"System change is now inevitable. Either because we do something about it, or because we will be hit by climate change. '...

"We need to develop economic models that are fit for purpose. The current economic frameworks, the ones that dominate our governments, these frameworks... the current economic frameworks, the neoclassical, the market frameworks, can deal with small changes. It can tell you the difference, if a sock company puts up the price of socks, what the demand for socks will be. It cannot tell you about the sorts of system level changes we are talking about here. We would not use an understanding of laminar flow in fluid dynamics to understand turbulent flow. So why is it we are using marginal economics, small incremental change economics, to understand system level changes?"

Friday, March 6, 2009

Why "In It for the Gold"

For the record:

Probably the weakest reason for mistrusting us climate scientists is the idea that we are in it for the money. When I was a starving grad student, I told a dignified lady from rural Mississippi that I was doing climate modeling. She was briefly taken aback. After a beat, she gathered her wits and politely replied "Oh, that must be... lucrative".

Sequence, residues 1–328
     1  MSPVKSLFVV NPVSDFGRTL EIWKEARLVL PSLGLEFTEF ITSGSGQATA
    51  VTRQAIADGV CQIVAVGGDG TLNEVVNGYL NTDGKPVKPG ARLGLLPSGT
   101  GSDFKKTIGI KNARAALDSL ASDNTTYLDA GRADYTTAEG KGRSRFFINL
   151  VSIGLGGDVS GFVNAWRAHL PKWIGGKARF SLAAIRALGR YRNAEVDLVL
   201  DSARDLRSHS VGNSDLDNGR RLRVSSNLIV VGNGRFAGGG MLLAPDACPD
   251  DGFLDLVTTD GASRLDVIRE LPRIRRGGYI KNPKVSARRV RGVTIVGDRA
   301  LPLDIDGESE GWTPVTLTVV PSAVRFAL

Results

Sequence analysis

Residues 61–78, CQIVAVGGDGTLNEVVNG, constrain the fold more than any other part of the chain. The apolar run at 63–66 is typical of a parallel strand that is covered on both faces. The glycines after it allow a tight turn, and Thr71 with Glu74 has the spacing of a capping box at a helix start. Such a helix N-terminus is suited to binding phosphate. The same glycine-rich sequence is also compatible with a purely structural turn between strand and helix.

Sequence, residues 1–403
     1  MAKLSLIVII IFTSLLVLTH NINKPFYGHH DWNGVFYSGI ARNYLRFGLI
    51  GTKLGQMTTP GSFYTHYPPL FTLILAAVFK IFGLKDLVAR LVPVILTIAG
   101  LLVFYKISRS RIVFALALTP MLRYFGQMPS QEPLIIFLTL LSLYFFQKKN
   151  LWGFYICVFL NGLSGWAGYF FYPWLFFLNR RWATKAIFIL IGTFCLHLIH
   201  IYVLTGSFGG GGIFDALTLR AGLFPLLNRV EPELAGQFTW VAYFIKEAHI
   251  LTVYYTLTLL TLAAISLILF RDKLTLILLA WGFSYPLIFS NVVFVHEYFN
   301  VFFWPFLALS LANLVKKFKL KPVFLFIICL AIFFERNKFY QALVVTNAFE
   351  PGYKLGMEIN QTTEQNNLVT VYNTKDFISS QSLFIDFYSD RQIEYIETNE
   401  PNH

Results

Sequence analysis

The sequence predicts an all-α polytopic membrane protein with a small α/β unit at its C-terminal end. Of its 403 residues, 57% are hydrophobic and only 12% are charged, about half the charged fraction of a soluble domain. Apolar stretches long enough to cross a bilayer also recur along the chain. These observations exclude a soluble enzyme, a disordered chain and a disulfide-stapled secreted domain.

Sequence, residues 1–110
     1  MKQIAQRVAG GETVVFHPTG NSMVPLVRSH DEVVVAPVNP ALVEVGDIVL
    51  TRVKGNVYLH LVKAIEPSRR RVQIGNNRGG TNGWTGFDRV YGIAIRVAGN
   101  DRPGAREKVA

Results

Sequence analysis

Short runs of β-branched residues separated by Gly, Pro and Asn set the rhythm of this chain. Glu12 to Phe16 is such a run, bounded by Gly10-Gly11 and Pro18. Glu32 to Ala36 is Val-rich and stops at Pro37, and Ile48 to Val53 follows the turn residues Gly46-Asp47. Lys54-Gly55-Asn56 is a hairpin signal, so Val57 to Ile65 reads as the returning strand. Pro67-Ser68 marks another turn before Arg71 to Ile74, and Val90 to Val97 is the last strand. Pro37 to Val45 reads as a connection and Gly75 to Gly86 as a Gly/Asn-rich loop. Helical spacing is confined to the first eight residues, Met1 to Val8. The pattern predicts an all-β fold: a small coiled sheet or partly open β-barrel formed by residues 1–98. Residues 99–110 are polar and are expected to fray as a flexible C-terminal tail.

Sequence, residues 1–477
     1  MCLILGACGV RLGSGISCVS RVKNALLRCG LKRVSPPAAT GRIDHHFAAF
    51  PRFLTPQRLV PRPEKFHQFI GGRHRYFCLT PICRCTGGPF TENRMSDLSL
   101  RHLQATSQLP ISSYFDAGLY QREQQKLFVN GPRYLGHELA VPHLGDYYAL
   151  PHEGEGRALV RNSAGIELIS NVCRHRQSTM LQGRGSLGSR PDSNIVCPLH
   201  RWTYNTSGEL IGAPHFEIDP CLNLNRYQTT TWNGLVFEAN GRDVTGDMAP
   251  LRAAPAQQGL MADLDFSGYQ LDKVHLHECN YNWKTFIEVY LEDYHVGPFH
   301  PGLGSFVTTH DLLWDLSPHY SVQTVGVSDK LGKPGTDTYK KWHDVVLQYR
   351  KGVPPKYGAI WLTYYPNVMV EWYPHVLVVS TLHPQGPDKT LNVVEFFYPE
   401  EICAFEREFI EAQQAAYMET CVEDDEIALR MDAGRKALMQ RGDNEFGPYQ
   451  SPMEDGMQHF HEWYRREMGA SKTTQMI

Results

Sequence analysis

1 comment:

John Mashey said...

Well, "lucrative" is a relative term; for many people, any sort of professional/technical job is lucrative. As an undergraduate, when I got a summer job as a low-level mathematician/programmer at the US Bureau of Mines, it was far more "lucrative" than my previous one washing dishes at a Holiday Inn.

In particular, note that NASA GISS is located in Manhattan, so any of those folks could have moved down to Wall Street with no problem.

But, certainly the basic point is quite valid. Anyone with the skillset to do do climate modeling could better elsewhere,and at least a few years ago.

NO ONE IN THEIR RIGHT MIND does graduate degrees in science with the primary goal of getting rich. Yes, it happens every once in a while but it's pretty rare. [A PhD in a some engineering discipline, or especially an undergrad degree in engineering or maybe science, followed by an MBA are better bets if the goal is getting rich.]

I used to help sell computers to Wall Street "rocket scientists" in the fine old 1990s. At that time (although probably not so much now), I used to keep running into old Bell Labs people who'd moved there, had much fancier titles, and were making a lot more money than at Bell Labs, which was not a penurious employer.